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dynamic construction of va_list

P: n/a
I would like to support stdio functions for an extremely primitive
type system, as shown in the attached sample program, using dynamic
creation of a va_list.

I've tested it on successfully a couple platforms, but what I don't
know is whether it's actually a legal program.

The function of interest is usnprintf, "union sprintf". (psnprintf is
a dummy wrapper for vsnprintf, useful for debugging.)
The signature is

int usnprintf (char *buffer, size_t size, const char *fmt, const
type_union *arg);

where the last argument is a flag-terminated array of type_union, as
defined below.

================Code begins =========================
#include <stdio.h>
#include <stdarg.h>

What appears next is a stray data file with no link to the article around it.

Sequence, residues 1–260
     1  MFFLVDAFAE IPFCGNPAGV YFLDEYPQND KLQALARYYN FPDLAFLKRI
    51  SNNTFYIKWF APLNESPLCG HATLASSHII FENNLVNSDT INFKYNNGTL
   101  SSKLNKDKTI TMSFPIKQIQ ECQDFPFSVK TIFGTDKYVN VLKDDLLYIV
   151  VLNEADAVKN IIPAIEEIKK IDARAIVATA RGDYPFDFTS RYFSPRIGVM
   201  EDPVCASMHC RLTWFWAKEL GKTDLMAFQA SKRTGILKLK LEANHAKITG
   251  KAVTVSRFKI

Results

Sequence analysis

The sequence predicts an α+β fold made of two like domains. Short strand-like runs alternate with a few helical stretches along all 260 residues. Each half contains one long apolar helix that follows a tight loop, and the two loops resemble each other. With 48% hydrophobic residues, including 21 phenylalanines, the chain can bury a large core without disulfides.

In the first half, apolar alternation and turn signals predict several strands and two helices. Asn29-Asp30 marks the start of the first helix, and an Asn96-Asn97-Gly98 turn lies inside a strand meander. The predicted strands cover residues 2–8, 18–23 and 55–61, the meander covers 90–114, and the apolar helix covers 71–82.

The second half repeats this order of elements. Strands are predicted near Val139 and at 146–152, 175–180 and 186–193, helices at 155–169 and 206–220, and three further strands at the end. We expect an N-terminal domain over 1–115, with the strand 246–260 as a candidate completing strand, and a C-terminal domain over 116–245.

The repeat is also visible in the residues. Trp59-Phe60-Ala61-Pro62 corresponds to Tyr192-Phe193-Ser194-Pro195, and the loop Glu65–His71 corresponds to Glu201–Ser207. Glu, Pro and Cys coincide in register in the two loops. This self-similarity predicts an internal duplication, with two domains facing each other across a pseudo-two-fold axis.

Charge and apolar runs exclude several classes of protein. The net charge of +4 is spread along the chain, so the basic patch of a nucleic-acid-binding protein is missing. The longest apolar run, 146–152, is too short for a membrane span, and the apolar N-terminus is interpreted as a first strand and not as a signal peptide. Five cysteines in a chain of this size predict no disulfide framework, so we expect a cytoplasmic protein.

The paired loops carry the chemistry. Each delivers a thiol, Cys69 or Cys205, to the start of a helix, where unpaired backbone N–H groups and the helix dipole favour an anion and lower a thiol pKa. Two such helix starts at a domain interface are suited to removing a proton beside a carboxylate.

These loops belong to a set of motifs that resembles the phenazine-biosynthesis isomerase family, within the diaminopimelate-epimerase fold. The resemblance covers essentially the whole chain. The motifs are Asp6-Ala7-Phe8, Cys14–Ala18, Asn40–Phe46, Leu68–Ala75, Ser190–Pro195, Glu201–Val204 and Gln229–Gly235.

#include <assert.h>

typedef struct type_union type_union;

typedef enum type_val {
T_END = 0, /* terminator flag for variable-length array */
T_INT,
T_FLOAT,
T_CHAR,
T_STRING,
} type_val;

struct type_union
{
type_val t;
union {
float f;
int i;
char c;
const char *s;
};
};

/* peek into va_list offsets */
int psnprintf(char *buf, size_t s, const char *fmt, va_list va)
{
int i;
int r;
va_list vb = va;
for(i = 0; i < 2; i++) {
double t = va_arg(va, double);
}
r = vsnprintf(buf, s, fmt, vb);
return r;
}
/*
* Treat ac_list, ac_arg as lvalues.
*/

#define va_start_assign(list, var) ((list) = ((char*)&var))

#define va_assign(lvalp, type, rval) \
*((type*)lvalp) = rval; \
va_arg(lvalp, type);

#define VA_FLOAT double
#define VA_CHAR int

/*
* snprintf for typed unions. (Does not validate the parse.)
* Requires flag-terminated array of values.
* TODO: validate with parse_printf_format and eliminate terminator.
*/
int usnprintf (char *buffer, size_t size, const char *fmt, const
type_union *arg)
{
int i;
int ret;
va_list out;
double aligned[100]; /* aligned buffer of ridiculously large size */
va_start_assign(out, aligned[0]);
for(i = 0; arg[i].t != T_END; i++) {
switch(arg[i].t) {
case T_INT:
va_assign(out, int, arg[i].i);
break;
case T_FLOAT:
va_assign(out, VA_FLOAT, arg[i].f);
break;
case T_CHAR:
va_assign(out, VA_CHAR, arg[i].c);